Palestine Summer Encounter 2009

Palestine Summer Encounter is a one to three month service learning and cultural immersion program in Bethlehem, Palestine. Participants study Arabic in and outside of the classroom setting, live with a Palestinian host family, volunteer and meet with both Israeli and Palestinian peacemakers.

The April 23rd registration deadline for the Palestine Summer Encounter program is rapidly approaching. We encourage anyone hoping to join us this summer to apply as soon as possible to reserve their spot in the program.

There will also be some exciting changes this year:

1) We are now awarding a limited number of needs-based scholarships in the amount of $1,000. Info. and the scholarship application is at:

These scholarships are still available! Please encourage anyone you think might be interested to apply.

2) We’re extending the academic focus of the program beyond Arabic. Participants will now also be able to participate in academic tracts like Nonviolence, Theology and the Land and the Politics of the Region. These tracts can be taken instead of, or in conjunction with, the arabic class.


a) Print out flyers

b) Post it to your profile
On your profile page next to “update status” click on “Post Link” and then add this URL:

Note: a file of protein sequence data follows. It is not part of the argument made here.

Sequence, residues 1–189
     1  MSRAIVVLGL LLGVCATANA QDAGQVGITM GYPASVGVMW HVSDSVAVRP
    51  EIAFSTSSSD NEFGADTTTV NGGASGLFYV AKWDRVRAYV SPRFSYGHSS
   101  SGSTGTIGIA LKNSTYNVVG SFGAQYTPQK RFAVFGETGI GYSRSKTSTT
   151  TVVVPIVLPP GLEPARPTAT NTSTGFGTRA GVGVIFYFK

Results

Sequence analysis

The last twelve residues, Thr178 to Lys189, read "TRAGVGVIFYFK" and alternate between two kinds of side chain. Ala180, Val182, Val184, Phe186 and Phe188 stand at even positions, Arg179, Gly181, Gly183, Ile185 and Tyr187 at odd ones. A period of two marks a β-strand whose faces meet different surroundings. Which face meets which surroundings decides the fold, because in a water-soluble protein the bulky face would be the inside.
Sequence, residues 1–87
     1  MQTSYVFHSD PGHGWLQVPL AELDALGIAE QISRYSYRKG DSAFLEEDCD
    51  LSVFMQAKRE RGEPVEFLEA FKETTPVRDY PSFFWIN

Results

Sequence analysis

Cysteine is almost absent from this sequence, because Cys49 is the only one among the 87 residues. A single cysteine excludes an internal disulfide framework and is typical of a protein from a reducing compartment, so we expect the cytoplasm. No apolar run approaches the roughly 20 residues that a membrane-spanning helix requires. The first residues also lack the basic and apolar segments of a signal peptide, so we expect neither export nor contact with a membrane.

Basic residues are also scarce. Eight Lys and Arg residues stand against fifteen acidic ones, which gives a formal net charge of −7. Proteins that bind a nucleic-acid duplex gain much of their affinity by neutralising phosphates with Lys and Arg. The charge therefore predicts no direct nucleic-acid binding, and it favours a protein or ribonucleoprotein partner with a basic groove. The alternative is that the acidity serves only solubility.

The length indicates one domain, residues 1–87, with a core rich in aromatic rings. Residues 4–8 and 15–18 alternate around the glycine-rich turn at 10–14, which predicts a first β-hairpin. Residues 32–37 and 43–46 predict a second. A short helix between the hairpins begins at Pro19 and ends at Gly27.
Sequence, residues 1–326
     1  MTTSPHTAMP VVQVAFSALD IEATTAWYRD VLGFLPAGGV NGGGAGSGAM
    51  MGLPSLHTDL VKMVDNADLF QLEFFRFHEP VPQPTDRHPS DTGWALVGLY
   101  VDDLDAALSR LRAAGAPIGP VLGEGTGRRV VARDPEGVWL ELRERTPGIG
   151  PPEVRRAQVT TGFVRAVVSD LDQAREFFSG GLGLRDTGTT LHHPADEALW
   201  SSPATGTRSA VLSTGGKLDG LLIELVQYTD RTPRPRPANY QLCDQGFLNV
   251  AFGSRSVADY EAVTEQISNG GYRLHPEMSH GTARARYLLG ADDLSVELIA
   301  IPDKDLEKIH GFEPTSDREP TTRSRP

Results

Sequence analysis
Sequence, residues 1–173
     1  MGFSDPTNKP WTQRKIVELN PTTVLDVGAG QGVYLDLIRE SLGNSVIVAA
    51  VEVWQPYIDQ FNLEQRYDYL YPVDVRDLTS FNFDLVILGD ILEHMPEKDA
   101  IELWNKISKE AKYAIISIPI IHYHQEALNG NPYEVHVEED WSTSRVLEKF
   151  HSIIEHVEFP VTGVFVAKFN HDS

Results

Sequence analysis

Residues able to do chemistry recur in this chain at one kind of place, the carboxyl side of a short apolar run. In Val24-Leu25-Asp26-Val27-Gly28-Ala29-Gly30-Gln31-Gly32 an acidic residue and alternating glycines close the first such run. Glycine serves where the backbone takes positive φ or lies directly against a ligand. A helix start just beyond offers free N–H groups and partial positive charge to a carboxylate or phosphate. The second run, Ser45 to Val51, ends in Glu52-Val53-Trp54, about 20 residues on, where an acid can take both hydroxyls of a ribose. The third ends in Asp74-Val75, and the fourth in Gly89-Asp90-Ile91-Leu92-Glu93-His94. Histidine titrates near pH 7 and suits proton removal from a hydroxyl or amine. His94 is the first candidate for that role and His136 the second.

We are also running a parallel volunteer program in Syria this summer. More info. at:

Thanks guys! Keep in touch.


Peter Ryan
Middle East Fellowship

(714) 529-1926

So be Good for Goodness Sake…

This past Friday Santa Clause stood in solidarity with and attempted to go where fewer and fewer Palestinians are able to go, their own farm lands in the southern hills of the Beautiful little town called Bethlehem. For the second year in a row, taking time away from his main work in this very busy season, Santa decided to come to Bethlehem to support the farmers in reaching their land in order to maintain it and plant it… For the second year in a row (as happens every week when Santa is not there), the Israeli soldiers barricaded and prevented the villagers from reaching their land.

Santa Clause in the village of Masara handing candy to the children south of Bethlehem

Barbed wires were placed on the main road leading to the farming lands and soldiers with heavy guns stood in a line pouting the whole time at the Palestinian farmers, their international and Israeli friends, and of course… Santa…

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First Reflection: From Palestine to the Jungles of Colombia, the Solution is One

Sami Awad from Holy Land Trust, Saskia Breithardt and Andrea Regelmann from Tamera in Colombia

I just returned from an incredible experience. From the 25th of September to the 10th of October and for the first time in my life I traveled to Latin America, more specifically to an incredible area in the north of Colombia, where the absolute beauty and tranquility of God’s creation and the majesty of Mother Earth become one. It is also a place where those commitment to be agents of peace clash with those who are addicted to greed, power, control and violence, and who are willing to destroy everything in their path in order to fulfill their craving.

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When Settlers get Abusive, Israeli Soldiers Attack the Abused, but the Sun Shines on All